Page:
Not one known for clever rhetoric at the best of times, you could almost feel the self-congratulation oozing through President Trump’s attempt at the pun in that infamous tweet about the preexisting agreement between the US and Australia to ‘swap’ refugees:
Do you believe it? The Obama Administration agreed to take thousands of illegal immigrants from Australia. Why? I will study this dumb deal!
— Donald J. Trump (@realDonaldTrump) February 2, 2017
What is striking about this message is how it captures the current ability of those in power to so swiftly dehumanise those seeking asylum around the globe.
Sure, the arrangement to exchange a number of those trapped in Australia’s offshore detention centres for some of the US’s Central American refugees being held in Costa Rica doesn’t make sense: why not just assimilate those seeking refuge in our respective countries ourselves? Yet the chess-game that this ‘dumb deal’ represents highlights leaders’ problematic ability to treat the vulnerable as pawns in political maneuvering, rather than recognise their right to empathy, inclusion and safety. Whether the deal is done or dumb, it seems politics is hyper bent on exploiting the defenceless for conservative votes, real or imagined. As a result, all over the world, refugees and asylum seekers are at the mercy of a series of craven and/or villainous bureaucrats and ministers. (See Immigration Minister Peter Dutton’s recent comments on the fate of 7500 asylum seekers in Australia: ‘If people think they can rip the Australian taxpayer off, if people think that they can con the Australian taxpayer, then I’m sorry, the game’s up.’)
In the first episode of The Messenger podcast, ‘Aziz, Not a Boat Number’, Manus Island asylum seeker Abdul Aziz Muhamat describes the dehumanising effect not being called by name has:
Three years I never heard someone who’s calling my name. I been calling with the numbers and letters. QNK002 … Numbers and letters. Three letters and three numbers, three letters and three numbers, for the last three years … My parents, they sacrifice for me to have this name. Not to have the boat number. Which is not to have these three numbers … Yeah, the name that I should have is Aziz. Aziz, not a boat. Not a boat number. Like QNK002.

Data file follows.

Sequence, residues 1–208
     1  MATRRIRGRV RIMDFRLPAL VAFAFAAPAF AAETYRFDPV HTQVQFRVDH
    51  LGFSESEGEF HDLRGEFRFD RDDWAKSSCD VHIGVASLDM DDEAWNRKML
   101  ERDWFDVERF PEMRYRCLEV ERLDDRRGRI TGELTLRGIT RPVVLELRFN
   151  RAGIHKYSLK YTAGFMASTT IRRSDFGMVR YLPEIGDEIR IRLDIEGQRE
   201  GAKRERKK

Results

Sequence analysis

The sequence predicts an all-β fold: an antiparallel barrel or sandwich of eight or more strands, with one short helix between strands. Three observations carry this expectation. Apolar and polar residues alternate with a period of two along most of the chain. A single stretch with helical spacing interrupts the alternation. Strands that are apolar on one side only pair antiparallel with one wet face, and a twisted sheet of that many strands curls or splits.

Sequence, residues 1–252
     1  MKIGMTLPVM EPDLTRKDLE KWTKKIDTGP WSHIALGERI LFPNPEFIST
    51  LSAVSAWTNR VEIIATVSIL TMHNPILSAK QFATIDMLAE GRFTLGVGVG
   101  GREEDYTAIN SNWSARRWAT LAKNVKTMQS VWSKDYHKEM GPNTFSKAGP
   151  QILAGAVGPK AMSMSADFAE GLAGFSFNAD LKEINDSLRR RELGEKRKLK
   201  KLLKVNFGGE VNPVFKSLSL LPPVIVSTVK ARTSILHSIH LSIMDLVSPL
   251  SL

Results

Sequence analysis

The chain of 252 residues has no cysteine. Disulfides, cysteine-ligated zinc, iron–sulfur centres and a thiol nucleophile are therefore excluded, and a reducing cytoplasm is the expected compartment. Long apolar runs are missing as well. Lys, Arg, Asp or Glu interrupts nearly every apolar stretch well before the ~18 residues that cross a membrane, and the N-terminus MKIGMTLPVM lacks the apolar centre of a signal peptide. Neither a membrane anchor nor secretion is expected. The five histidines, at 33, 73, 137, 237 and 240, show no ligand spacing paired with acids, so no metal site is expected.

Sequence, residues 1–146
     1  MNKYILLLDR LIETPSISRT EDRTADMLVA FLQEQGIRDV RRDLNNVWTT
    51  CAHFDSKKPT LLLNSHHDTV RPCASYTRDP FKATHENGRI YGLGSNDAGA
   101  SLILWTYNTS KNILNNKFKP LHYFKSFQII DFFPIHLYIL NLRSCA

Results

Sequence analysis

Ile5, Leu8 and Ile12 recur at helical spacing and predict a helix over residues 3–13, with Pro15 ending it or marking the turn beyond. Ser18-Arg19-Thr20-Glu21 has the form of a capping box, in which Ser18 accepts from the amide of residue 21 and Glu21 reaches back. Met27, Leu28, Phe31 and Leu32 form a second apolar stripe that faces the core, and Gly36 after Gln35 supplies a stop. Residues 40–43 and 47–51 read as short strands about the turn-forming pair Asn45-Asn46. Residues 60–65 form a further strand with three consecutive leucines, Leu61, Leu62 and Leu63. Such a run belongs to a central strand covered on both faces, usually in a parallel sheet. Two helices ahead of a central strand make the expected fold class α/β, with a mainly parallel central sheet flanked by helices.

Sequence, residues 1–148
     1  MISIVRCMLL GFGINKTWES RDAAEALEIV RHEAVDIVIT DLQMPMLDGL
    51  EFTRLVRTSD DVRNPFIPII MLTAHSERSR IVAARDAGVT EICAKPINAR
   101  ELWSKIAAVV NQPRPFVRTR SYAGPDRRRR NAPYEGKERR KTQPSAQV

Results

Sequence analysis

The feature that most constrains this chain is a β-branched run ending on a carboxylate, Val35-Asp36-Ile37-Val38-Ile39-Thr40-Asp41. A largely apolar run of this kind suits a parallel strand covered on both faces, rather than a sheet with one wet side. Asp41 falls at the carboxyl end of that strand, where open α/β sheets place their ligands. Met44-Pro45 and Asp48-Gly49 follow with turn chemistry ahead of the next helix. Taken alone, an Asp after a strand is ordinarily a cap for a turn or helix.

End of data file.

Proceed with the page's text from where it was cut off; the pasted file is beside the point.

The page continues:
Of course, the labelling of people by number, not name, is an eerie throwback to events that history has condemned, and it’s unsettling that such cruelty is being repeated. Referring to asylum seekers by number is symptomatic of the anonymity that governments rely on: if they don’t have names and identities, then it’s easier to paint refugees and asylum seekers as monsters or bludgers or, at the very least, less than human.
Even accessing information from inside Australia’s torturous detention centres is notoriously difficult; for journalist Michael Green, contact with Aziz was a rare find. Though the use of phones was eventually permitted on Manus over the course of their interaction, Green points out that ‘under Australian law, even the guards and other contractors who talk publicly about conditions at the centre could be sent to gaol for up to two years. For the men in detention, like Aziz, the risks are harder to measure.’ Pretending that there’s nothing to see here – and punishing those who suggest there is – is allowing ‘dumb deals’ to go unchallenged, to be put in place, to proliferate.
As many people already know, trawling through Trump’s twitter feed is bleak: there is a lot of caps-lock yelling and alarming stabs at global diplomacy. What particularly stands out is the sensationalist language that can brand all asylum seekers as illegal or potential Boston Bombers. Distrust of the migrant isn’t anything new, but the blatantly racist and exploitative language of Trump, or event the Australian government, seems to be gaining traction it hasn’t had in decades. How is it that instead of being laughed at, Pauline Hanson and kin are gaining popularity? How is it that Dutton’s lies about the cause of the Good Friday shooting on Manus went largely unquestioned? How is it that we’re facing the greatest refugee crisis of our time, yet, nations are reinforcing walls?
These are questions don’t necessarily have easy answers. But a first step is to remind political leaders at every chance we get that they’re actually talking about people – individuals who our governments are incarcerating and endangering indefinitely. We also need to pressure our media so they ask hard questions and point out the lies rather than repeating slogans or giving airtime to clear fallacy. Lambasting truth as fake news needs to be disparaged, not laughed off.
We’re witnessing one epic chess game where countless innocents are shuffled around a board in a gross wrestle for power, and we need to change the rules so the shuffling stops.